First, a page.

- use appropriate texts, subject-specific language and concepts.
Informal assessment specifically targeting achievement standards
- analyse the Australian Government’s global roles and responsibilities
- explain how Australia’s international legal obligations influence law and government policy
- take account of multiple perspectives and ambiguities, use democratic processes, and negotiate solutions to an issue.
Lesson 1 – What are the key features of Australia’s system of government?
- Divide the class into small groups and allocate a different question from the following list to each group. Students can research the answers using the PEO’s Quick Answers and Fact Sheets.
- What is Australia’s system of government and how is the Australian Government formed?
- What are the levels of government in Australia and what are their roles and responsibilities?
- What does ‘separation of powers’ mean and how does it work in practice?
- Who is Australia’s head of state and what is their role?
- What is the Australian Constitution and what is its role in our system of government?
- What is the Cabinet and what is its role in the Australian Government?
- Ask each group to think of an additional question about Australia’s system of government to research and answer.
- As a class, discuss students’ findings.
Lessons 2 to 3 – Comparing the key features of Australia’s system of government with another system of government in the Asia region (Assessment)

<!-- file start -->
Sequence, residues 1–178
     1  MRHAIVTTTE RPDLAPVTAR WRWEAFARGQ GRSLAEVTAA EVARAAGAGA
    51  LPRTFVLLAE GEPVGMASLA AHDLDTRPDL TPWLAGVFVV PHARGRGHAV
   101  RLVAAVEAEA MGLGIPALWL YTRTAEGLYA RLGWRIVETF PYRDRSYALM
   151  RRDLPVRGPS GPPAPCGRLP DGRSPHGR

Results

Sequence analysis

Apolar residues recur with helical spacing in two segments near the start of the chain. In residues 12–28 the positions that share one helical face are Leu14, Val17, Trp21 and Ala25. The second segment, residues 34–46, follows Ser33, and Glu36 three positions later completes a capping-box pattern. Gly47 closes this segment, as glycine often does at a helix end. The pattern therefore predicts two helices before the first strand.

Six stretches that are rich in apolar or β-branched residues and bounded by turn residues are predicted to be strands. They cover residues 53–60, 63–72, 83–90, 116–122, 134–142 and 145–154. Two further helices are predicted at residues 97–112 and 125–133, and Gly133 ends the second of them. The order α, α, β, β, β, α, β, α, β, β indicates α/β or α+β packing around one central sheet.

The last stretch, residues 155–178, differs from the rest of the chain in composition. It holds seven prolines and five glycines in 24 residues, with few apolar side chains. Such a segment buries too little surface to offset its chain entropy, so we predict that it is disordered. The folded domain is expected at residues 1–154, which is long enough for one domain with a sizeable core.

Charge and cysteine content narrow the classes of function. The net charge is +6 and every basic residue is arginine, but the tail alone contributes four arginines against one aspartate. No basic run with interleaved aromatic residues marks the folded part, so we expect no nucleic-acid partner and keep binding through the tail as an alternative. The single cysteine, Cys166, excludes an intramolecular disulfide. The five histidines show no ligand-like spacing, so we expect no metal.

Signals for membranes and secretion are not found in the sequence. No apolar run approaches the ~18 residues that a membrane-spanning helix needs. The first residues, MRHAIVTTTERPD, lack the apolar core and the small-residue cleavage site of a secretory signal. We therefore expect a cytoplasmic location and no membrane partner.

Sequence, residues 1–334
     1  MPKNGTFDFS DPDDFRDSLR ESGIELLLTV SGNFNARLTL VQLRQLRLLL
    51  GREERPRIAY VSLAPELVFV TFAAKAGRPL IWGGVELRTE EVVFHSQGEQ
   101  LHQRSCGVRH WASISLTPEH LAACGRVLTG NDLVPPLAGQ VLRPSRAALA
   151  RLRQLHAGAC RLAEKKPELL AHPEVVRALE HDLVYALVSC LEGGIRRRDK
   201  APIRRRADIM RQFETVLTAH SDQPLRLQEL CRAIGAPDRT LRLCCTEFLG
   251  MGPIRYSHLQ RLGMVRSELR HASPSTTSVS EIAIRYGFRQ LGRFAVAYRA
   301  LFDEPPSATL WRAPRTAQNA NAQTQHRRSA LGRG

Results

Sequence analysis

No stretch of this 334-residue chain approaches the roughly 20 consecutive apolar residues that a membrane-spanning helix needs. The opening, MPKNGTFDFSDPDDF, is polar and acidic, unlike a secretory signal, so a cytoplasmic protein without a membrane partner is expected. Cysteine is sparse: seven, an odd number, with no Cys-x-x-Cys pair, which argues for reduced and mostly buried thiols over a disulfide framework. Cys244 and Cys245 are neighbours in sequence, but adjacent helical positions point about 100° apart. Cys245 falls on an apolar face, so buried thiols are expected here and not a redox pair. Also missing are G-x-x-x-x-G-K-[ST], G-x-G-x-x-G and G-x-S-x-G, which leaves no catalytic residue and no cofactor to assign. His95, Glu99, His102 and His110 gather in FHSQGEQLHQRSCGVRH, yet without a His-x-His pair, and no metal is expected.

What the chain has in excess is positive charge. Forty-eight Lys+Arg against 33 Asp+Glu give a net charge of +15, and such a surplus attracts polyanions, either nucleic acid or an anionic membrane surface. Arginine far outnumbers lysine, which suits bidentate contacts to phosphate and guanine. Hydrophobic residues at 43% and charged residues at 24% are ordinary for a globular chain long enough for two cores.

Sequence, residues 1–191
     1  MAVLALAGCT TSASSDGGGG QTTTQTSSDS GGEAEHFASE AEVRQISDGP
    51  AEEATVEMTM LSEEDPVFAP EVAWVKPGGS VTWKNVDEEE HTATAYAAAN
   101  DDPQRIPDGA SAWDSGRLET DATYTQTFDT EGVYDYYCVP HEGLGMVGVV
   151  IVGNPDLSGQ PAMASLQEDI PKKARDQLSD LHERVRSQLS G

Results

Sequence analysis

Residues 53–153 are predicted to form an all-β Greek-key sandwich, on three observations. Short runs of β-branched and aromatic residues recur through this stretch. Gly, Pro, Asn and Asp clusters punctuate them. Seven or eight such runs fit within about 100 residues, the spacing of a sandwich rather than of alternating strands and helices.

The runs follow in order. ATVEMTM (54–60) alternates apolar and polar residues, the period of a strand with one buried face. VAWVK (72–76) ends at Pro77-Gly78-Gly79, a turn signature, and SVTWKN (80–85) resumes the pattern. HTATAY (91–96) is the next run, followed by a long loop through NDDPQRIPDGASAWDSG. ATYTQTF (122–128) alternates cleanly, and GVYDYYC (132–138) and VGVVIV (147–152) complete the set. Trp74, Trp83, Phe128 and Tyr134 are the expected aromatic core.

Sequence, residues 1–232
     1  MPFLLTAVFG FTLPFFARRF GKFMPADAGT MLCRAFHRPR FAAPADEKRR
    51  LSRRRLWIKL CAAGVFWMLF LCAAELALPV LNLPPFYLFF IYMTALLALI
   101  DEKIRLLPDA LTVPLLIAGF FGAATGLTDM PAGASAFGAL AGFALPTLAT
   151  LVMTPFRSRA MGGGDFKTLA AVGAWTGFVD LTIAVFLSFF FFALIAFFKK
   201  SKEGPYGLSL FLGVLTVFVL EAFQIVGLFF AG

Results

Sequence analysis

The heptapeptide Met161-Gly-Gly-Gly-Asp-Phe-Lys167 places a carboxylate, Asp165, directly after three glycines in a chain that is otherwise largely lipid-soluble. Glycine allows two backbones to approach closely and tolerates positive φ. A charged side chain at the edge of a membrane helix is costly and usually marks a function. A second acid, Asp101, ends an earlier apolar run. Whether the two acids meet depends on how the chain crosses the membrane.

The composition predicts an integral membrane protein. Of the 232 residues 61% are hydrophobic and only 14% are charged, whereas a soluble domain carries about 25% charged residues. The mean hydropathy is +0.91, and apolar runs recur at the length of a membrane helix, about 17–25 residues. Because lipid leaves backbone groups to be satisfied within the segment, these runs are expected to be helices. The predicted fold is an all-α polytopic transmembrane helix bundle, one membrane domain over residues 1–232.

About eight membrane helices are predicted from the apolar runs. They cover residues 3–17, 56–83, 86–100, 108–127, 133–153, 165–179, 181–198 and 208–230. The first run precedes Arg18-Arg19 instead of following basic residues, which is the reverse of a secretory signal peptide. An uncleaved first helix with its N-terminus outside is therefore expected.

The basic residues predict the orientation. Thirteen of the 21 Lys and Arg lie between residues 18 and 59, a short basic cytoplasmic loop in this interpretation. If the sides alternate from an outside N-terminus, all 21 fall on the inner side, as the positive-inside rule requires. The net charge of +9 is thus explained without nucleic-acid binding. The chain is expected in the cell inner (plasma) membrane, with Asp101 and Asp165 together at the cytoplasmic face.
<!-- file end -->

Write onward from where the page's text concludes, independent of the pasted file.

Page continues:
Hand out and explain the research project. Students can be given two to three lessons to work on this and can complete it for homework. This project has differentiation options, including writing an essay or presenting a creative response with rationale. An essay and rationale planning sheet is included to help those students who require further scaffolding.
The following Closer Look paper could be used by students to start their research.
- PEO Closer Look: Parliament of Australia and People's Consultative Assembly of the Republic of Indonesia (MPR)
Lesson 4 – Australia’s international responsibilities
Divide students into small groups and distribute the worksheet for group completion. Ask groups to share their decisions with the class, using a creative response. For example, students could explain their conclusions with a pie chart that shows how they would spend their budget, or present a pitch which addresses the worksheet questions.
Lessons 5 to 6 – How international law shapes Australian law
- Review the previous lesson about Australia’s global role. Brainstorm with the class about some issues that the international community may need to cooperate on – for example, human rights, climate change, disease control, use of nuclear weapons or drug smuggling.
- Explain to students that the international community creates treaties, conventions and declarations to address human rights issues. Distribute the international law sheet to students (noting there are two differentiated options). Discuss how this international law system works.
- As a class, using the Attorney-General’s Department website page, ask students to ‘think, pair, share’ about why these international agreements were created and why Australia is a party to them (look at the page as an overview; it’s not necessary for students to click on each link).
- As a class, use the extracts information sheet to explore sections from the Convention on the Rights of the Child and the United Nations Declaration on the Rights of Indigenous Persons in more detail. What are the key requirements of both?
Note: this extracts information sheet has two differentiated options.
- Ask students to work in pairs to brainstorm the types of laws Australia might need to make to comply with this Convention and Declaration. Ask pairs to share with the whole class, writing ideas on the board.